Just when it looked as if the Canucks were going to turn the game into a rout, the Sharks roared back to score twice in the period and knot the score 2-2 heading into the third period.
Couture cut the Canucks lead to 2-1 at 11:01 with his team-best 16th goal. When Henrik Sedin sent the puck toward the Sharks' net, Couture knifed in front to intercept and headed the other way. He passed the puck to Patrick Marleau, on his left, took a return feed and beat Luongo with a blast high to the stick side.
The Sharks killed a penalty and Niemi survived a 3-on-1 rush, stopping Daniel Sedin's shot. Then at 16:06, the Sharks went on their first power play of the night. With Edler in the box for slashing, Thornton needed just six seconds to score, beating Luongo with a shot from the right circle at 16:12.
"We killed some big penalties, maybe got some momentum off of that," Thornton said. "We were just aggressive, and they just kind of backed off."
Vigneault said both teams played "with real intensity" from the moment the puck dropped.
"From start to finish, it was a fast-paced, high-intensity, high-energy game there, and I think for both teams it's fun to be a part of. I guess it's a lot more fun when you win. For me, I really liked the way we played in the first two periods, even though they came back and tied it up.
"In the third period, we were tested and pushed by different calls on the ice, but we still managed to keep our composure and get the job done short-handed, and we were rewarded with a real nice goal. … We were trying to play whistle to whistle, and we were getting abused after the whistle. You're hoping that some stuff is going to get called. But even if it doesn't, you've got to play through it, and that's what our guys did and found a way to win it in OT."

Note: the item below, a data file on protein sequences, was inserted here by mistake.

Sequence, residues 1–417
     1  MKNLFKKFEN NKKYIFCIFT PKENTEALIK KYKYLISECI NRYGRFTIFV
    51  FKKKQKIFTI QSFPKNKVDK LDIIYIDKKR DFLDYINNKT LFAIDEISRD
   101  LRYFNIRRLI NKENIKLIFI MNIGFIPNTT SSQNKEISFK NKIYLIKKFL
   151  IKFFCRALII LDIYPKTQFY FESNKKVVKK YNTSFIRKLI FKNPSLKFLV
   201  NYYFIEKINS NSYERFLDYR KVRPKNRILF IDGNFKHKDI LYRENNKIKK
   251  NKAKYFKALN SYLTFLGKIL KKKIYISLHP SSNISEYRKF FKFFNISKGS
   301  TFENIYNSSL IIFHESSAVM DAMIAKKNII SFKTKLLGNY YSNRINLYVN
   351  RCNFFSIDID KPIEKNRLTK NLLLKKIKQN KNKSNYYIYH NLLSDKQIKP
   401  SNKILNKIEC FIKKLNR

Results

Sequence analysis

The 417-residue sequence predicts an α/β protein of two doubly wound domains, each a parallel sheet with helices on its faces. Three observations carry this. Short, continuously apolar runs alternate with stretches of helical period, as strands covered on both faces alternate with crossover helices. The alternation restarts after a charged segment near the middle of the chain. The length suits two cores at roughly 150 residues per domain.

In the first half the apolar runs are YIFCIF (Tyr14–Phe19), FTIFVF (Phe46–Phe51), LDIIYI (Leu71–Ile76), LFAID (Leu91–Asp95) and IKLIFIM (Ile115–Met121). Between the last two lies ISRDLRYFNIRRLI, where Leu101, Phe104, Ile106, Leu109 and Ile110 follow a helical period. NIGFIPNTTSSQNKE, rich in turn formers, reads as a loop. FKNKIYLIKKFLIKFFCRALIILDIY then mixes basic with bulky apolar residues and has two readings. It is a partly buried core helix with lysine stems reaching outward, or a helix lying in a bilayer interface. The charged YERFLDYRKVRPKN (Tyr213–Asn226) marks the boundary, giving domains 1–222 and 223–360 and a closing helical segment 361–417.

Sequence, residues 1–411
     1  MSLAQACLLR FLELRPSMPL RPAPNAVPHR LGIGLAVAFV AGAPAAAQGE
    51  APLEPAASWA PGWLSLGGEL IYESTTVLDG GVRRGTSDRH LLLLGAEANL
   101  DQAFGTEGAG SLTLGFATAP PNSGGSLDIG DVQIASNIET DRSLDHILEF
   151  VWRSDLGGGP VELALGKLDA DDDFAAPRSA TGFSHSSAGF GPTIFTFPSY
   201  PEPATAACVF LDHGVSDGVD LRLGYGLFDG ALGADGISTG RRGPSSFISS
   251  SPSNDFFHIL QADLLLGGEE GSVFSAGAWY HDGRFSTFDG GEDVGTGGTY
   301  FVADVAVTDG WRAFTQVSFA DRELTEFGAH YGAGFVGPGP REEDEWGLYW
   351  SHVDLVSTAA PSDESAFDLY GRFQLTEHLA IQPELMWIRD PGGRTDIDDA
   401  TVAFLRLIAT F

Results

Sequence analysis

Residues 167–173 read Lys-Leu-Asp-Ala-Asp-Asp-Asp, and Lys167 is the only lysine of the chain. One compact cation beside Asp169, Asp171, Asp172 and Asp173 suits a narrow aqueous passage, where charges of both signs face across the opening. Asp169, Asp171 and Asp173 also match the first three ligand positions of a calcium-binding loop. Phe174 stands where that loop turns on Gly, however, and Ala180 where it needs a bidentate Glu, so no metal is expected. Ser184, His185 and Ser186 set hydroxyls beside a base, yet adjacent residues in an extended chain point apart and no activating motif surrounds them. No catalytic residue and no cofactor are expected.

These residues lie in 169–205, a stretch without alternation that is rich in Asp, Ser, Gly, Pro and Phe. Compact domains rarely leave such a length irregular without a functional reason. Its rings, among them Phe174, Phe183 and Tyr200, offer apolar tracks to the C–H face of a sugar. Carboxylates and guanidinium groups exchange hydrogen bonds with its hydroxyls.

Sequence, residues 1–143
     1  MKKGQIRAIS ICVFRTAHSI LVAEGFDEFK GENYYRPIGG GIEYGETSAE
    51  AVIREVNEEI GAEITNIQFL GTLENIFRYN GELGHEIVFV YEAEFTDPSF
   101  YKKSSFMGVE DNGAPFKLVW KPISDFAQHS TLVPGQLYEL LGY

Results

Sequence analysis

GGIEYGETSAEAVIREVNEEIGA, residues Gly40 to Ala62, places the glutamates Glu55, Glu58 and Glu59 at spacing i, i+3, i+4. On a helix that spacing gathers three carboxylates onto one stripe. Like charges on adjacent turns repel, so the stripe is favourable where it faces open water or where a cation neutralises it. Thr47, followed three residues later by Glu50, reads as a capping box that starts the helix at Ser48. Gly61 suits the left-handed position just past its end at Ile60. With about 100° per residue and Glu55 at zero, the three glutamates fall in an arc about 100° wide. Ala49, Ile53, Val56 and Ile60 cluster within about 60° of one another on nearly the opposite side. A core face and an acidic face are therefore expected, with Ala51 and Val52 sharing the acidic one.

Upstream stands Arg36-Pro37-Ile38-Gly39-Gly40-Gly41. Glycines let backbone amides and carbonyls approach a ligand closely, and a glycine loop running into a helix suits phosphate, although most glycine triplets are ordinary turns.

Just seconds after the Sharks killed their first penalty of the game, Daniel Sedin scored on a wraparound at 11:12 of the first, giving Vancouver a 1-0 lead. He controlled the puck behind the net and jammed it past Niemi's right pad and stick, just inside the left post, before defenseman Dan Boyle could get back to help his goaltender. Henrik Sedin and Edler picked up assists on the goal.
The Canucks outshot the Sharks 9-8 in the first, and both teams had plenty of good chances to score. Midway through the period, Niemi stopped Mason Raymond's rocket from the left circle and covered Alexandre Burrows try from short range on the rebound. Later in the period Sharks winger Joe Pavelski had a breakaway, but Luongo made a spectacular glove save. Then it was Niemi's turn to stop Kesler's dangerous shot with just over 2 minutes left in the period.
Coming into the game, one of the biggest matchups pitted Vancouver's top-ranked power play (25 percent) against San Jose's 28th-ranked penalty kill (75.2). The Canucks had four power plays, but the Sharks killed three of them. San Jose, meanwhile, went 1-for-4 on the power play.
"The last couple power plays we had, the ice was what they call 'shooting ice,' Boyle said. "You have got to find a way to put the puck in the net, and we just didn't do that. The pucks were bouncing all over the place. We spent half the time breaking it in and then the other half fighting it. You have to shoot the puck and try to get an ugly goal, and we just didn't get the shot we needed."
The Canucks recalled winger Mark Mancari from the Chicago Wolves, and he replaced Chris Higgins (swollen hand) in the lineup. Mancari skated on the fourth line with Maxim Lapierre and Manny Malhotra.
Sharks defenseman Douglas Murray returned to the lineup after missing 10 games with an injured wrist, replacing Colin White, who suffered a hand injury Monday night against Anaheim. Instead of rejoining Boyle as part of the top defensive pair, Murray skated with Justin Braun, while Marc-Edouard Vlasic remained with Boyle.